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The State of Rajasthan Vs. Shri Riaz Ahmad and ors. - Court Judgment

LegalCrystal Citation
SubjectProperty
CourtRajasthan High Court
Decided On
Case NumberCivil Misc. Leave to Appeal No. 57 of 1961
Judge
Reported inAIR1963Raj152
ActsConstitution of India - Article 133(1); Ajmer Abolition of Intermediaries and Land Reforms Act, 1955
AppellantThe State of Rajasthan
RespondentShri Riaz Ahmad and ors.
Advocates: R.A. Gupta, Dy. Govt. Adv.
DispositionApplication dismissed
Cases Referred and M. Venkayya v. P. Venkatarama Rao
Excerpt:
- - 5. as regards the value of the subject-matter of the dispute, it is clear that the requirements-of article 133(1)(a) are satisfied......the law. as discussed above, in the present case, the compensation commissioner shall have to hold an inquiry and determine the rights of the parties according to law. the order of this court cannot therefore be deemed, to have the effect of disposing of all the rights of the parties for compensation under the ajmer abolition of intermediaries and land reforms act, 1955. the order cannot therefore be deemed to be a final older for purposes of leave to appeal to the supreme court.6. the application for leave to appeal is dismissed.
Judgment:

Ranawat, C.J.

1. This is an application for leave to appeal to the Supreme Court from the judgment of this Court dated the 21st August, 1961.

2. Shri Riaz Ahmad and 39 others claimed shares in the Jagir village Baneori, Girdawari Circle Srinagar, Tehsil Ajmer, and they claimed compensation for resumption of their interest in the Jagir in accordance with the provisions of the Ajmer Abolition of Intermediaries and Land Reforms Act, 1955 (No. III of 1955). The Collector of Ajmer objected to these claims on the ground that the shares should be treated as one unit for determination of compensation under the Act and that the compensation should not be assessed by treating them as separate estates. The Compensation Commissioner upheld the objection of the Collector and proceeded to determine the amount of compensation by treating the village to be one estate. Riaz Ahmad and 39 others came in appeal to this Court from the order of the Compensation Commissioner, which was allowed, and it was held that they were entitled to compensation on the basis of their individual shares in the village. The case was accordingly remanded to the Compensation Commissioner for determination of the amounts of compensation. The State has filed this application for leave to appeal to the Supreme Court from the said order of remand.

3. It is urged that the total amount of compensation payable in the case is more than Rs. 20,000/- and the value of the subject-matter of the appeal is consequently more than Rs. 20,000/-. It is therefore claimed that the State is entitled, as a matter of right, to go in appeal to the Supreme Court from the judgment of this Court. As regards the question whether the order of this Court can be construed to be a final one within the meaning of Article 133(1)(a), it is contended that the rights of the parties have been finally determined by the said order and that it only remains to calculate the amounts of compensation and so the order is, in substance, a final one. The decisions of the Supreme Court in S. Gurdwara Praban-dhak Committee v. Shiv Ratan Deo, (S) AIR 1955 SC 576 Finn Ramchand Manjimal v. Firm Gover-dhandas Vishandas Ratanchand AIR 1920 PC 86 and M. Venkayya v. P. Venkatarama Rao, AIR 1956 Andhra 126 have been cited in support of the above contention.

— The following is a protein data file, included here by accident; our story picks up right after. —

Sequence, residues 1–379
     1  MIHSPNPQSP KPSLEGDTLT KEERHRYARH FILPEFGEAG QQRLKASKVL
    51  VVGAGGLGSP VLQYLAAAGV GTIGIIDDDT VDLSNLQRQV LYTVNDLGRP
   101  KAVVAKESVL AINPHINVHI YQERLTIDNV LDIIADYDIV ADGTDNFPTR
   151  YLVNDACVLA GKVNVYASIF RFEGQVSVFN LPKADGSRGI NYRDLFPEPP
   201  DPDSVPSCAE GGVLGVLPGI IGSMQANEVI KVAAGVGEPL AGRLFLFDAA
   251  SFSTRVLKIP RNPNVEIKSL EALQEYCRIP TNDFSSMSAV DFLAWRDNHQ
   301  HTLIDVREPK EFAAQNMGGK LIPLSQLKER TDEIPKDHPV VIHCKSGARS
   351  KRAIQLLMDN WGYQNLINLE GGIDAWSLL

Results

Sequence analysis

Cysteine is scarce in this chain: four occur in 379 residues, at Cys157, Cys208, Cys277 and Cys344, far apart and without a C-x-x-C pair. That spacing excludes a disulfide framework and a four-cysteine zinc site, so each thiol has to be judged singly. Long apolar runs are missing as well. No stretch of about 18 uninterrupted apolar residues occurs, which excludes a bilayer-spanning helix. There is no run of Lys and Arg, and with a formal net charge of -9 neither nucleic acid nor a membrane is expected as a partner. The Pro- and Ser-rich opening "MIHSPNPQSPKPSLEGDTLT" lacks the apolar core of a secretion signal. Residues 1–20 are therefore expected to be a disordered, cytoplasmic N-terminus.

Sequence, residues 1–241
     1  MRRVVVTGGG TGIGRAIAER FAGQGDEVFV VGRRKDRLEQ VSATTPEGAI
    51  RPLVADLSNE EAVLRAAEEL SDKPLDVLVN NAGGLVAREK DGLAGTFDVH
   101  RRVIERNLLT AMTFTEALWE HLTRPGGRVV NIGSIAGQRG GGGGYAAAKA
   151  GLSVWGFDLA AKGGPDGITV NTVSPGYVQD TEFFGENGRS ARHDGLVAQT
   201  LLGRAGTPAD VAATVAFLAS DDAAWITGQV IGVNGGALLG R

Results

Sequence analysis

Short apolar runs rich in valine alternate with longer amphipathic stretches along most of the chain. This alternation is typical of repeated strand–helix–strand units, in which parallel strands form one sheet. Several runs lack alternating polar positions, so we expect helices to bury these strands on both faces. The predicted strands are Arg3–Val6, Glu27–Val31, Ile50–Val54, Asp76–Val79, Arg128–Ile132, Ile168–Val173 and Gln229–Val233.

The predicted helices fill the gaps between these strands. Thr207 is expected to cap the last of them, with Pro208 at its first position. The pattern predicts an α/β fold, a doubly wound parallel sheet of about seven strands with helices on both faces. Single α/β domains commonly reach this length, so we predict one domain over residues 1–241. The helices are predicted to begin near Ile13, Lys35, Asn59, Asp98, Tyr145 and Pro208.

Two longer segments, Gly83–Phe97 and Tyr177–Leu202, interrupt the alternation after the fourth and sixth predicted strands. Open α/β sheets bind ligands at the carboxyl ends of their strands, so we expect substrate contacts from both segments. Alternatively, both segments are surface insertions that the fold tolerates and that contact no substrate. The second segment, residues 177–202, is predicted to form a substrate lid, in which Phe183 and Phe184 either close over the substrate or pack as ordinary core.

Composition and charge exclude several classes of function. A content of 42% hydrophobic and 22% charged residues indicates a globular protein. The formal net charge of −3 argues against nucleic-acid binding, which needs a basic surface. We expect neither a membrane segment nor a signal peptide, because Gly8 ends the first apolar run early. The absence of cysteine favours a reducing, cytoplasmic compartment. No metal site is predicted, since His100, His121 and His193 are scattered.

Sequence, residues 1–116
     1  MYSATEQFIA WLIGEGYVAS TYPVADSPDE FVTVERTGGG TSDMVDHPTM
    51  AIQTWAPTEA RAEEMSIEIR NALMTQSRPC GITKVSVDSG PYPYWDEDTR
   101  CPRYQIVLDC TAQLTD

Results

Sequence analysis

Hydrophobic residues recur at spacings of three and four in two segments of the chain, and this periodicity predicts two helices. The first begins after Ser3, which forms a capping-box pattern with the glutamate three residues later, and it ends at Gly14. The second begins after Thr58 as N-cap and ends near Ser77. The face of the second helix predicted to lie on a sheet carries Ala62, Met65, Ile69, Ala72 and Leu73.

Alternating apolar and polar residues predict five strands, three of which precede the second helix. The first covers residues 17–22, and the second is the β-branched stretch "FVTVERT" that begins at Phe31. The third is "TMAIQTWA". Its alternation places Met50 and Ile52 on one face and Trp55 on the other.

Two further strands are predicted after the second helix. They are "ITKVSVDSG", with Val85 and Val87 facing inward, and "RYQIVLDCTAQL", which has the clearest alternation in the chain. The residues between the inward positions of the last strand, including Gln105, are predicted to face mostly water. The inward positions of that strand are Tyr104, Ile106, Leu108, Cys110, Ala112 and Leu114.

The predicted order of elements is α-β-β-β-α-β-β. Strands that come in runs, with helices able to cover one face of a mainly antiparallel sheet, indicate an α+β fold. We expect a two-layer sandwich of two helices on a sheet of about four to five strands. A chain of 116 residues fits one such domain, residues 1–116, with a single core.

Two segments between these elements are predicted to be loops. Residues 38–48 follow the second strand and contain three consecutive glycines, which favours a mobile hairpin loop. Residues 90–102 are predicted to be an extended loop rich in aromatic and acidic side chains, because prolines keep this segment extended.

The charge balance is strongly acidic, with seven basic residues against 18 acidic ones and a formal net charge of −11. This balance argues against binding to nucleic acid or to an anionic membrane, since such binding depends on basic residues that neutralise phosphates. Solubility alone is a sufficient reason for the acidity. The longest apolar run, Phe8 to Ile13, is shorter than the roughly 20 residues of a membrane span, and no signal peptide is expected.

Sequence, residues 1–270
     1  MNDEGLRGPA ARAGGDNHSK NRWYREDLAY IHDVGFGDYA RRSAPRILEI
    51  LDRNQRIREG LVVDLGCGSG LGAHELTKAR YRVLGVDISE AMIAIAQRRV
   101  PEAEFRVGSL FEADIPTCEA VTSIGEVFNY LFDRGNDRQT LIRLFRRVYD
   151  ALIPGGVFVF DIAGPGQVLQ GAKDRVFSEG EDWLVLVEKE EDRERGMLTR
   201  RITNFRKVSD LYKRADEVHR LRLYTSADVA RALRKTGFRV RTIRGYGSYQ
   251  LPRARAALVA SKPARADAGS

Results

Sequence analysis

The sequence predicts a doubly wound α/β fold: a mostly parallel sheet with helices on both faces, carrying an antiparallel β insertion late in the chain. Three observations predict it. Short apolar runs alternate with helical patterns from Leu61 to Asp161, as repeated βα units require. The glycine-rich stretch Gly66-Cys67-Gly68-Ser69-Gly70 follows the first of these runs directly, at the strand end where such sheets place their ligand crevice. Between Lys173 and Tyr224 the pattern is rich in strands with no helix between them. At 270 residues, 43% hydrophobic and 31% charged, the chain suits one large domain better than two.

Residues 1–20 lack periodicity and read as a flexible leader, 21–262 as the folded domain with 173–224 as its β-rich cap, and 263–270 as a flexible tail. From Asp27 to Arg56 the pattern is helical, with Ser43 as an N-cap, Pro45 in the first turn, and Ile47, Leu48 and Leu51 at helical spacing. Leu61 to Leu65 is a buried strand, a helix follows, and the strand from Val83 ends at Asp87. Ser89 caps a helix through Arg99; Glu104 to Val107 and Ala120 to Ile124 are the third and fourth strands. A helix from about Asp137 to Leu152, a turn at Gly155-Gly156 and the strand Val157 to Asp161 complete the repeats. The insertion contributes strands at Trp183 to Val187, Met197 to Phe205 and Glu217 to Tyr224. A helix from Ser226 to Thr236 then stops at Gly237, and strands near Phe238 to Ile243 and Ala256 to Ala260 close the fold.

4. Notices were served on the opposite parties, but they did not care tq put in their appearance.

5. As regards the value of the subject-matter of the dispute, it is clear that the requirements-of Article 133(1)(a) are satisfied. The only question which requires determination is whether the order of this Court can be deemed to be final. What has been determined by this Court is the individual status of the claimants as estate holders. It will now be for the Compensation Commissioner to determine the total amount of the income of the property after an inquiry, and then to ascertain the share of each individual claimant and the amount of compensation on that basis. We cannot therefore accept the contention of the learned counsel for the petitioner that what remains to be done in the Court below is the mere passing of a final order on the basis of the decision of this Court. An important question has no doubt been determined about the status of the claimants, but that does not finally dispose of their rights. The amounts of compensation have to be arrived at by the officer concerned after holding an inquiry regarding the individual claims and also the total income of the property. The decision of this Court does not finally dispose of the rights of the parties and the compensation Commissioner shall have to embark on an inquiry as to the relevant facts in order to determine the amount of compensation payable to each claimant. The decisions referred to by Mr. Rama Avtar lay down the proposition that if an order finally disposes of the rights of the parties and what remains to be done is the passing of a formal order in consequence thereof, the order may be deemed to be final even though the case may have been remanded to the lower Court with a direction to dispose of the matter in accordance with the law. As discussed above, in the present case, the Compensation Commissioner shall have to hold an inquiry and determine the rights of the parties according to law. The order of this Court cannot therefore be deemed, to have the effect of disposing of all the rights of the parties for compensation under the Ajmer Abolition of Intermediaries and Land Reforms Act, 1955. The order cannot therefore be deemed to be a final Older for purposes of leave to appeal to the Supreme Court.

6. The application for leave to appeal is dismissed.


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